Her final play was written for the theatre, and it has a special significance for me. As my 16th birthday approached, my parents discovered that a new Christie play was to be performed in Manchester. And because they knew of my passion for Christie, I was therefore taken to the Palace Theatre to see it as a birthday treat.
The play was called Fiddlers Five. It starred Colin Bean, best known as Private Sponge, a supporting character from ‘Dad’s Army’ and nobody else of any note at all, so far as I can remember. I was rather baffled by the play. It seemed to be intended to be a sort of comedy, and the mystery complications took ages to develop. I enjoyed the experience, but it was not a great play with a great plot, and that was a surprise and a disappointment.
I wasn’t alone in my dubious reaction. In fact, most critics were less kind. Christie re-wrote the play as Fiddlers Three, but it doesn’t seem to have effected much of an improvement. It never reached the West End. John Curran devotes some space to Christie’s planning of the play in Agatha Christie’s Secret Notebooks and it seems she started work on it as early as 1958. But he is right to describe it as ‘a sad curtain call’. Apparently, it’s never even been published.
Wednesday, 2 December 2009
Guilty as Sin is a 1993 movie directed by Sidney Lumet, whose CV includes such notable ‘legal world’ films as 12 Angry Men and The Verdict. Guilty as Sin is not in the same league, but even so, I thought it was pretty effective entertainment.
The stars are both very good-looking – Rebecca De Mornay and Don Johnson. De Mornay plays a hot-shot criminal defence lawyer, while Johnson is a manipulative womaniser accused of throwing his rich wife out of a window. De Mornay unwisely succumbs to his pleading that she represent him, and spends the rest of the film regretting it.
I’m not a trial lawyer, and in particular I’m not familiar with the American legal system, but with this movie, as with many others, there were aspects of the story that stretched my credulity. Would a judge really have forced De Mornay to continue representing Johnson when she wanted to back out – and wouldn’t her bosses have fielded some other advocate when Johnson suggested that the two of them were having an affair?
But once disbelief was suspended, I enjoyed the twists and turns of the plot, even if the finale was rather abrupt. It’s certainly never a hardship to watch a film starring Rebecca De Mornay, and although this wasn’t one of Lumet’s masterpieces, it demonstrated his ability to tell an entertaining story.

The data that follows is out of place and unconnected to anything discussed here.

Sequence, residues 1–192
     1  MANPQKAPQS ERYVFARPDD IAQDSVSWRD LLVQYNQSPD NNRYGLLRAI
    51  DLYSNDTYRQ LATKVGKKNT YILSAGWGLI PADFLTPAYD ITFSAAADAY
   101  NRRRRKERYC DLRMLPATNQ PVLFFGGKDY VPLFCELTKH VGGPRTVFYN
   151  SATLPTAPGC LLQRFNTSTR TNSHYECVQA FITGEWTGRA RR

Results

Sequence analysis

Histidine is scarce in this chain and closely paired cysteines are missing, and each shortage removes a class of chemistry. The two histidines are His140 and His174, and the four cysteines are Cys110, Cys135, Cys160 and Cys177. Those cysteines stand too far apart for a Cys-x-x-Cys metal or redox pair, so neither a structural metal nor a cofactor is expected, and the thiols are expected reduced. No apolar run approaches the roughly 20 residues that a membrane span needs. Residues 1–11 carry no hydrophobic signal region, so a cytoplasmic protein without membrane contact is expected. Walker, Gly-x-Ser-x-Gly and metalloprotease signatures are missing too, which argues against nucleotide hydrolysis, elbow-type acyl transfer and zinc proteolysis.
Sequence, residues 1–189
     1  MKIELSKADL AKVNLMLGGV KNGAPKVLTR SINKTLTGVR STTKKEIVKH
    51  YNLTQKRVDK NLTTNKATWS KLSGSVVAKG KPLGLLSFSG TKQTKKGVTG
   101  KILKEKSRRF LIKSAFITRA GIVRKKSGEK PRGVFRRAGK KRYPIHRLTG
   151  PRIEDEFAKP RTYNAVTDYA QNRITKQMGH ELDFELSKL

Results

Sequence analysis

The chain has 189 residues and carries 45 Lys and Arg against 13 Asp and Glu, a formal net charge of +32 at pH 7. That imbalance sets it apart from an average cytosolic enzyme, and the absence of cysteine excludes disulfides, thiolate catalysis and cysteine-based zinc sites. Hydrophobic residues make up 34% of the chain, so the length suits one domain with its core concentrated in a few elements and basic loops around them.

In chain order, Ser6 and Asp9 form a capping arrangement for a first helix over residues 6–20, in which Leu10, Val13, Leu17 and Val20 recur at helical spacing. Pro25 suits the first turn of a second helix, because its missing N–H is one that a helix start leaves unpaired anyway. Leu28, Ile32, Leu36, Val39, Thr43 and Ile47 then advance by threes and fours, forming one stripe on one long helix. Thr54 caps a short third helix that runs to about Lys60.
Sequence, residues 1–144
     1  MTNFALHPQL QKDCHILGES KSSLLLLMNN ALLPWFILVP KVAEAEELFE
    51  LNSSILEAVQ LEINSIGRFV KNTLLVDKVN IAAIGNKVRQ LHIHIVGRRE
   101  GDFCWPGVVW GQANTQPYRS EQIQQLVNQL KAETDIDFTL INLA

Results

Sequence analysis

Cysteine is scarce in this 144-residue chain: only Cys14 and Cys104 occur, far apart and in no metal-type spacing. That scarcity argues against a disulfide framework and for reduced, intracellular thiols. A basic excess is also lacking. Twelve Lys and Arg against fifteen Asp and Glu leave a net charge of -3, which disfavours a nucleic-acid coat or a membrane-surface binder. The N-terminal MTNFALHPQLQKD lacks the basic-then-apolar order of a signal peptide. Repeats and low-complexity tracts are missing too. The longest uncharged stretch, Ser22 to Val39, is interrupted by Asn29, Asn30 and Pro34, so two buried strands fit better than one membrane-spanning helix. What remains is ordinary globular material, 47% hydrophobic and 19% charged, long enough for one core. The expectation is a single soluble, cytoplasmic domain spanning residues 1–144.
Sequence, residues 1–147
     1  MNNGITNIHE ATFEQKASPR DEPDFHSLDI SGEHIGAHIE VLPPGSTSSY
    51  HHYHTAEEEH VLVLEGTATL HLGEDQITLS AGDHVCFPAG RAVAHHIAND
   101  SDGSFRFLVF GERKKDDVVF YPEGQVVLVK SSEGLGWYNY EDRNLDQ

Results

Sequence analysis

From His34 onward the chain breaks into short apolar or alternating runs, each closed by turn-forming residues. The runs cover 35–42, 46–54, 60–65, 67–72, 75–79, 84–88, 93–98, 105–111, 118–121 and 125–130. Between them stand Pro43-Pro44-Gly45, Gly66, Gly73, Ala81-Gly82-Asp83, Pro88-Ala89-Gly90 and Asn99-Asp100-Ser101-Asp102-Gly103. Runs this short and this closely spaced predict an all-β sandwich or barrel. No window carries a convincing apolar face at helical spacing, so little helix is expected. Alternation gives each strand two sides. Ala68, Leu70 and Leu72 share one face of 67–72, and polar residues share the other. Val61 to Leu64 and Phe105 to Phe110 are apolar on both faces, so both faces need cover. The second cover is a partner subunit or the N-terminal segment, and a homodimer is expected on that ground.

Tuesday, 1 December 2009
Sheila Quigley is a fellow member of the Northern Chapter of the Crime Writers’ Association, and someone I always enjoy bumping into at social events and conventions. I first met her not long after she’d hit the headlines, when her first two books were sold by her agent for a very large sum. According to one article on the internet, the figure was £3 million, but I suspect this is a misprint, and an extra zero was added by mistake! Even so, £300,000 (if that was the right figure) is a fabulous two-book contract, the sort of achievement most of us can only dream about.
One of the things that made Sheila’s personal story so newsworthy was her background. She started work at 15 in her native North East, as a tailor’s presser. She married at 18 and now has nine grandchildren. But fame and fortune haven’t changed her – she has lived on the same estate for 30 years.
Sheila has spoken in public of how health problems, including cataract operations, a couple of years ago set her back a bit, but I’m delighted to see that she has made a good recovery, and has just published a new novel. She’s changed publisher, and is now with an outfit I haven’t come across before, called Tonto Books, who are based in the North East. And Tonto really have done her proud with a nice looking hardback edition of The Road to Hell.
I’m looking forward to reading the book, which I’m sure will be as gritty as its predecessors. From the blurb, I gather that it’s a story involving a murder which replicates a crime of many years before. And it boasts a front cover quote from Tess Gerritsen, no less – impressive.
Monday, 30 November 2009
Whenever one produces a new book, inevitably one awaits the verdict of readers and reviewers with a mixture of hope and trepidation. It's important, I think, for an author to retain belief in his or her book even if it is not widely appreciated to begin with - but of course, it's much more pleasurable if the early reaction is positive.
I have high hopes of The Serpent Pool, because although I struggled over it at first, later on it felt as though the plot strands had come together in just the way I'd hoped when I started out on chapter one. And the response of my agent and various publishers has been extremely encouraging. Even so, that is no guarantee of good reviews (or any reviews, these days.)
So I'm glad to say that Booklist has given the novel the thumbs-up in advance of publication, and I'm so pleased and relieved that I can't resist recording David Pitt's assessment in full:
'Book lovers, especially fans of nineteenth-century writer and opium addict Thomas de Quincey, will enjoy the latest Lake District mystery. DCI Hannah Scarlett reopens another cold case, this one involving the drowning death, seven years ago, of a young woman. But Hannah is distracted by her personal life, especially by her rocky relationship with book dealer Marc Amos, who is himself rather upset over the death of one his best customers (whose murder-by-fire opens the novel). Meanwhile, Hannah’s friend and sometime sidekick, historian Daniel Kind, is deep into a new book on de Quincey (who was among the first writers to consider murder as the basis of a literary art form), but he, too, soon becomes distracted: his sister thinks she has accidentally killed her lover, who also happens to be a book collector. In his usual leisurely but always compelling way, Edwards pulls together these various plot threads, rewarding the patient reader with a story that is complex and intellectually stimulating. Certainly the most labyrinthine of the Lake District novels, but perhaps also the best.'